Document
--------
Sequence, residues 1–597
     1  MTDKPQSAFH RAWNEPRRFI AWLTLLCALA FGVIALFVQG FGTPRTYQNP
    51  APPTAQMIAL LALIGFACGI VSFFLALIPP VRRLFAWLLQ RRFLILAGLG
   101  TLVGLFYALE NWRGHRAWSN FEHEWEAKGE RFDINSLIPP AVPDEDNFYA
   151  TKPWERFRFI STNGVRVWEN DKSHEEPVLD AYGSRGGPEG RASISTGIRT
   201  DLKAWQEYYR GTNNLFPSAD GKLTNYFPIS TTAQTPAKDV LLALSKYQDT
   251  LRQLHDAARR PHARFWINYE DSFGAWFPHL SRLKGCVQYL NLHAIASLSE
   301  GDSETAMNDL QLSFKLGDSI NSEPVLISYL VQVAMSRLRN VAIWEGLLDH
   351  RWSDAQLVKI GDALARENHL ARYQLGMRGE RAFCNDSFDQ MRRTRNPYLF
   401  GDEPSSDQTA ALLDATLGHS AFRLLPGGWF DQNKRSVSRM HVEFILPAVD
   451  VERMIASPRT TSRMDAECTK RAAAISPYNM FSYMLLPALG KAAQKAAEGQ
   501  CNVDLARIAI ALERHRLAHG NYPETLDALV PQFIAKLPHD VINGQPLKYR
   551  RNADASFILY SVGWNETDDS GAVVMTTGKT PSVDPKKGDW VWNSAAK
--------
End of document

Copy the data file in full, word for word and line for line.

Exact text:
Sequence, residues 1–597
     1  MTDKPQSAFH RAWNEPRRFI AWLTLLCALA FGVIALFVQG FGTPRTYQNP
    51  APPTAQMIAL LALIGFACGI VSFFLALIPP VRRLFAWLLQ RRFLILAGLG
   101  TLVGLFYALE NWRGHRAWSN FEHEWEAKGE RFDINSLIPP AVPDEDNFYA
   151  TKPWERFRFI STNGVRVWEN DKSHEEPVLD AYGSRGGPEG RASISTGIRT
   201  DLKAWQEYYR GTNNLFPSAD GKLTNYFPIS TTAQTPAKDV LLALSKYQDT
   251  LRQLHDAARR PHARFWINYE DSFGAWFPHL SRLKGCVQYL NLHAIASLSE
   301  GDSETAMNDL QLSFKLGDSI NSEPVLISYL VQVAMSRLRN VAIWEGLLDH
   351  RWSDAQLVKI GDALARENHL ARYQLGMRGE RAFCNDSFDQ MRRTRNPYLF
   401  GDEPSSDQTA ALLDATLGHS AFRLLPGGWF DQNKRSVSRM HVEFILPAVD
   451  VERMIASPRT TSRMDAECTK RAAAISPYNM FSYMLLPALG KAAQKAAEGQ
   501  CNVDLARIAI ALERHRLAHG NYPETLDALV PQFIAKLPHD VINGQPLKYR
   551  RNADASFILY SVGWNETDDS GAVVMTTGKT PSVDPKKGDW VWNSAAK